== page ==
Reflections on the Psalms by C.S. Lewis
My rating: 4 of 5 stars
Fresh perspective on themes in Psalms (judgment, cursing others, death, dealing with wicked people, the Lord's beauty, nature, praise, Scripture, and second meanings). Lewis's routine approach is to lay out the problem he had with each theme, and then to explain the new understanding that he arrived at. Following are a couple of my notes.
1: “Judgement” in the Psalms
We moderns fear judgment. We don’t look forward to God’s judgment. But the ancient Hebrews rejoiced in it and talked of it fondly in the Psalms. The difference is that we think of ourselves as defendants, but they thought of themselves as plaintiffs. They were looking forward to God coming and judging their oppressors, that they would finally get justice. They would identify with the widow in Jesus’ parable of the unjust judge (Lk 18:1-8).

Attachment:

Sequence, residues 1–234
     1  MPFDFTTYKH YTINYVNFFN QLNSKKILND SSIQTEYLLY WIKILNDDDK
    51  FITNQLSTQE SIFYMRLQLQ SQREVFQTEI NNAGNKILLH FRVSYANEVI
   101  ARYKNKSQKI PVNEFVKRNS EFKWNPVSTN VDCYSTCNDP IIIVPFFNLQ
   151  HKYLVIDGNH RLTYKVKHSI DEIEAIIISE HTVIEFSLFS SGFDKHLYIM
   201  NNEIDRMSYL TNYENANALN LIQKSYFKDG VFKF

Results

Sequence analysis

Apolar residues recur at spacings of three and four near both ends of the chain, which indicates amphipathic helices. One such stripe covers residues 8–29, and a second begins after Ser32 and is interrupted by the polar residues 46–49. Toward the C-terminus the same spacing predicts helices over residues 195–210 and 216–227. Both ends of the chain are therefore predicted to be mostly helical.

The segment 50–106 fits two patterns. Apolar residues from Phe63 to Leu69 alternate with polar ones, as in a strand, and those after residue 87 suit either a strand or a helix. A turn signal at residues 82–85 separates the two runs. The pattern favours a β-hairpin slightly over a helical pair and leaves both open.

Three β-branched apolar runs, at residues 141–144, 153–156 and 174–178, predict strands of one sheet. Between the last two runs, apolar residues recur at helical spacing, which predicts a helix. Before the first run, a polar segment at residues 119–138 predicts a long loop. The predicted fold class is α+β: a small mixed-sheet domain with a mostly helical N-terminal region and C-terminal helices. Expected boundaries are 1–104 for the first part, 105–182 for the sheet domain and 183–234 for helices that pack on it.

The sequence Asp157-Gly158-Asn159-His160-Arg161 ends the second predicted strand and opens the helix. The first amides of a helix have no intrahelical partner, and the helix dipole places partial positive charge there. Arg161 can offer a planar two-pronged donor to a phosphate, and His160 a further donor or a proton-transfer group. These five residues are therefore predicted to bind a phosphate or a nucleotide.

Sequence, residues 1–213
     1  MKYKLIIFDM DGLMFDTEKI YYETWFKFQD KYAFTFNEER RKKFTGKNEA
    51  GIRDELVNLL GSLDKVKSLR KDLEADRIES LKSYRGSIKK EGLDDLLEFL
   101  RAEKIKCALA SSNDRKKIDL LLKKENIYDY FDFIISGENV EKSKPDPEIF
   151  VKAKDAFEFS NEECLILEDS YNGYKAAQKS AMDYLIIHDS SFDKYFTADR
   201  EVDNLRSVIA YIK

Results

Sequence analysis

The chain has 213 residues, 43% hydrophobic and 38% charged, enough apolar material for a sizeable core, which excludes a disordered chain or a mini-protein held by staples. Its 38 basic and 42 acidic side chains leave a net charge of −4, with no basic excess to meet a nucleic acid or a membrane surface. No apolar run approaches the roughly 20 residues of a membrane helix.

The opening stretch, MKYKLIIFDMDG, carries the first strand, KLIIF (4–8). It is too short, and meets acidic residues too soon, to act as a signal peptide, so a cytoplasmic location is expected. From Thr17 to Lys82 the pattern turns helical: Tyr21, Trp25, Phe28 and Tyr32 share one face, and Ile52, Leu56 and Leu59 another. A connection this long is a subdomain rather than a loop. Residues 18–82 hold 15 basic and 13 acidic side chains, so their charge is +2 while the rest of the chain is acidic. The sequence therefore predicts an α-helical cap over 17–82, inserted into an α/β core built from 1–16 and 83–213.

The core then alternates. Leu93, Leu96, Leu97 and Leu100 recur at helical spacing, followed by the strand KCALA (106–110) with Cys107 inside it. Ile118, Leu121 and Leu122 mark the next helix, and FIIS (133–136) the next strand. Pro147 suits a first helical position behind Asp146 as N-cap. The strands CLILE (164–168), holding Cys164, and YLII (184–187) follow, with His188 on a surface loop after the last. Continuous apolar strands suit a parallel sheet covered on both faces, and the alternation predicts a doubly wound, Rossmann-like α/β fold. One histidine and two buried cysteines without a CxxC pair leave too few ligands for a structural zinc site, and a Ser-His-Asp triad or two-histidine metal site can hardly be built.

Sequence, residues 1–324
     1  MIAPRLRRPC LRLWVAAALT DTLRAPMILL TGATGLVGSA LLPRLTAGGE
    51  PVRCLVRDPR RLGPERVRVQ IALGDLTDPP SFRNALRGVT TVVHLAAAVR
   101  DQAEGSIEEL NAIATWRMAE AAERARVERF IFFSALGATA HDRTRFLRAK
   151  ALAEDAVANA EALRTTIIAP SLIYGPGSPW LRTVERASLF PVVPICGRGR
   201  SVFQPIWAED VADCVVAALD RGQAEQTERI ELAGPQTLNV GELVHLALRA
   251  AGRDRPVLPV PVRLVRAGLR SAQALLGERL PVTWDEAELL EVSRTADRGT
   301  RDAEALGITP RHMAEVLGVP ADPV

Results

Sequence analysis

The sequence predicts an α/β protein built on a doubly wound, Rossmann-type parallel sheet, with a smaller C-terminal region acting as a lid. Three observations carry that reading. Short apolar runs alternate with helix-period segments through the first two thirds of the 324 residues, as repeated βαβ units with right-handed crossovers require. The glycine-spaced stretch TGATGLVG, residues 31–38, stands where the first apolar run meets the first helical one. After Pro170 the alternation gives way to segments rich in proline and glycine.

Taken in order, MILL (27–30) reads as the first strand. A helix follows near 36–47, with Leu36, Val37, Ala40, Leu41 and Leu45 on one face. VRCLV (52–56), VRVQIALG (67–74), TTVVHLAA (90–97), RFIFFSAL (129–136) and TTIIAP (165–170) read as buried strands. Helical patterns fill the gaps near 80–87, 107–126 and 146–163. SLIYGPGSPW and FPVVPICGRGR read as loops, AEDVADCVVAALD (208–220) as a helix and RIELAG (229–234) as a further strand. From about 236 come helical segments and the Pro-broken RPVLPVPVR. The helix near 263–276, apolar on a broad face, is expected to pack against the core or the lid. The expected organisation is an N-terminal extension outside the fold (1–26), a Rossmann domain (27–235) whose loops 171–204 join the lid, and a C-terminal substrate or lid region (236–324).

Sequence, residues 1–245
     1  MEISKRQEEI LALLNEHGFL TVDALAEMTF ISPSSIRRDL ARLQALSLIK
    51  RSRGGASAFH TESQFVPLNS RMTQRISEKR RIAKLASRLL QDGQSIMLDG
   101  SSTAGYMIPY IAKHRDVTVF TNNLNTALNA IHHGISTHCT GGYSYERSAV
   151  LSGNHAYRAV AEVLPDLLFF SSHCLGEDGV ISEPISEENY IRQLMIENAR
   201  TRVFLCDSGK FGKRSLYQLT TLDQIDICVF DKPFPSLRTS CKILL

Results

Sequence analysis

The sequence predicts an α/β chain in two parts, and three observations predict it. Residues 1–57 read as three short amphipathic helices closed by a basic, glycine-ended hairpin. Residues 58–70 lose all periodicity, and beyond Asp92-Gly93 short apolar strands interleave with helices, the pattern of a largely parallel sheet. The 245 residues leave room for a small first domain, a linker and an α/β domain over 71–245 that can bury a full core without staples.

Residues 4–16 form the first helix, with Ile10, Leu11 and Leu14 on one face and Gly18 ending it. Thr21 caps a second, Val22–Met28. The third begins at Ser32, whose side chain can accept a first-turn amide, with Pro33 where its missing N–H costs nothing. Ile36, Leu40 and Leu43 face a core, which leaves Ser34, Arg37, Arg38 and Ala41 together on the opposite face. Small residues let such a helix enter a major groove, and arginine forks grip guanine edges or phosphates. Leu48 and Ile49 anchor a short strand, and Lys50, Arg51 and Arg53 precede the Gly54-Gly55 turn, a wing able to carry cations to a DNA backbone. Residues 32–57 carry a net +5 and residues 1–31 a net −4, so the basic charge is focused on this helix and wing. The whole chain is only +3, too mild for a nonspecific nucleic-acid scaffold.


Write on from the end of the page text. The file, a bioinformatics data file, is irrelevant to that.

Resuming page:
9: A Word about Praising
Lewis early on as a Christian was bothered by the repeated calls to praise in the Psalms and the notion that God demanded our praise. But praising God is a means of enjoying him. Praising him completes our enjoyment of him. Our world and our lives are full of praise. Enjoyment spontaneously overflows into praise. We praise a multitude of things, favorite poets, creation’s beauty, our children, etc. What’s more, we try to get others to admire what we delight in. “Isn’t she beautiful?” “Wasn’t that cool?” Praise not only expresses enjoyment, it completes it. “It is frustrating to have discovered a new author and not to be able to tell anyone how good he is; to come suddenly, at the turn of the road, upon some mountain valley of unexpected grandeur and then to have to keep silent because the people with you care for it no more than for a tin can in the ditch; to hear a good joke and find no one to share it with.” Glorifying God and enjoying him are the same thing. “In commanding us to glorify Him, God is inviting us to enjoy Him.”
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